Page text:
feeling. I experienced the same during my last Century ride, but much later into the ride. I figured afterwards that it had to do with the number of climbs, on which the climbing motion pushes the body weight into the saddle. Needless to say, arriving at SAG stop 3 in Santa Maria at the 60 mile mark was a nice thing to get out of the Saddle for a bit, but not more than 10 minutes, to avoid the legs from stiffening up.
It’s the next 40 miles in which things get really interesting. More than 2800 feet of climbing lay still ahead, the first of which hits right after leaving Santa Maria, a relentless grade which seems to go on forever (but it really doesn’t, just feels like it after the rest stop), followed by some more up and downs, but once again I was happy to see Sisquoc SAG stop after the last 13 miles. My butt is now really angry with me, and does not like the fact that I sit on it!!!
At this rest stop all you will hear about is what lays ahead – Foxen Canyon. Of course, that is with good reason. At this point you are 73 miles into the ride, with a really good amount of climbing behind you, and now your tired legs and sore butt are staring at the toughest climb(s) yet. Foxen Canyon, almost 18 miles of false flats and rolling hills crowned by the last 600 feet of a pitch that will make you want to scream. It is at this point of the ride though, where the mind must take over, at least with me. Foxen Canyon, as picturesque as it gets and I had to focus on that beauty, and shut out everything that hurt (which at this point is basically EVERYTHING).
But I couldn’t help but tick of mile by mile on my Garmin as I keep climbing and all of a sudden, there it was, the start of the final incline. A severe pitch up, following twisty turns, leading you higher and higher around every bend. Thinking, hoping, praying the next bend is the last one – but it isn’t. Getting off the bike is not an option – FOCUS – get out of the saddle, shift into a higher gear, churn, churn, churn…and finally – the TOP!! This is the most satisfying climb I have ever done, and I am proud of myself for hanging in and not giving into the impulse to get off the bike. Shortly after I crested Foxen, there was another SAG stop right around mile 88, a good point to get off the bike for a short while and to call ahead to Sue, letting her know I am only about 12 miles out. We connected and arranged for a meeting point outside Solvang center to pick me up. The last 12 miles are not a walk in the park either. Foxen will throw one more big climb on you and before you are home free you have to climb Ballard Canyon as well, but compared to the last 18 miles – this is NOTHING. Besides you can smell the finish line now and your endorphins are working over time. Leg’s aching? Butt aching? – are you kidding NO – you just don’t feel them any-longer. It is an euphoric feeling cruising into Solvang – once you hit Atterdag Road, Eucalyptus Drive, Laurel and Oak, the streets are lined with cheering people, whistling, yelling and screaming and then you come around the last left turn – Alisal Road – you have arrived!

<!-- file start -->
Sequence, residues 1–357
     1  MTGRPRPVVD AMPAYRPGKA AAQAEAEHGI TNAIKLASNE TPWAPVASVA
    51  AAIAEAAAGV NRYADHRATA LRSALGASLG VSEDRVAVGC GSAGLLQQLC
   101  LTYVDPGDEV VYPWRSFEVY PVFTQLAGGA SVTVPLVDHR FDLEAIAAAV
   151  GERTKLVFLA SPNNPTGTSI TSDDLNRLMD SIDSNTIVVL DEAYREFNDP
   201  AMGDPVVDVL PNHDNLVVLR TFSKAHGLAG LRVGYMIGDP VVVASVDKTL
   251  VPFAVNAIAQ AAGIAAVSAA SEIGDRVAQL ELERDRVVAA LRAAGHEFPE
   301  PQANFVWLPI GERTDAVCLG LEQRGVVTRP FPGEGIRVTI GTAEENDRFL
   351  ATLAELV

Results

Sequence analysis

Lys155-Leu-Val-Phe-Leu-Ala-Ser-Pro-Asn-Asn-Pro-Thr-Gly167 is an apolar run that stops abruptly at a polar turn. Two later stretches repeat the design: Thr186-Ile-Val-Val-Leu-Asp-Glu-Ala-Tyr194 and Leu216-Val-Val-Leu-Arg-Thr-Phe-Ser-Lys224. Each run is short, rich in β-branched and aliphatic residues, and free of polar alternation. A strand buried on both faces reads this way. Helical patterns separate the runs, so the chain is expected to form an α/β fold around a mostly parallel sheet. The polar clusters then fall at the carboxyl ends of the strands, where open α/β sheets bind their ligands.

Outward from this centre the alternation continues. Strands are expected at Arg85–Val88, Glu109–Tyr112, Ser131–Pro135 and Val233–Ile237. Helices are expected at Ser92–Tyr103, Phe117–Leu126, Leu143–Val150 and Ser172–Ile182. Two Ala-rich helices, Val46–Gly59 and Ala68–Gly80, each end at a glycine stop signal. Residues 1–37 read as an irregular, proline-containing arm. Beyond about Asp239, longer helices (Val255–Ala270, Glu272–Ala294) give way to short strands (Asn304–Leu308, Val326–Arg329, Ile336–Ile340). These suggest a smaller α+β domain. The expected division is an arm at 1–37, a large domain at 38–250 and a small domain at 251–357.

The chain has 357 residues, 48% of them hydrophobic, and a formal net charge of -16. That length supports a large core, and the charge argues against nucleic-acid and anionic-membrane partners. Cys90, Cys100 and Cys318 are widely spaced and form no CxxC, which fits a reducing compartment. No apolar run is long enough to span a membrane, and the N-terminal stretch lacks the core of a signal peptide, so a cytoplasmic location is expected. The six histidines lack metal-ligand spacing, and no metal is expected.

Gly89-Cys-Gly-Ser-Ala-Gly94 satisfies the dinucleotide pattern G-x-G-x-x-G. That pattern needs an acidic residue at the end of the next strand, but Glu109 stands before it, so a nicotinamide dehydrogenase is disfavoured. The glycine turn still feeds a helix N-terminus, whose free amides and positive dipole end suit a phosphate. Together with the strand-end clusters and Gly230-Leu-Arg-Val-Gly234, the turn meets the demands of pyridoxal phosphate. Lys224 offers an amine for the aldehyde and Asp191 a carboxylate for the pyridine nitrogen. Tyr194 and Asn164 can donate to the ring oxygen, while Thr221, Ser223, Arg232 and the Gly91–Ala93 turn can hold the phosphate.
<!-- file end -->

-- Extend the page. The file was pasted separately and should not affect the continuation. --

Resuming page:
As I write this entry it is a couple of days later and I am checking places to stay in Solvang for 2010. I can’t wait to go back and do it again.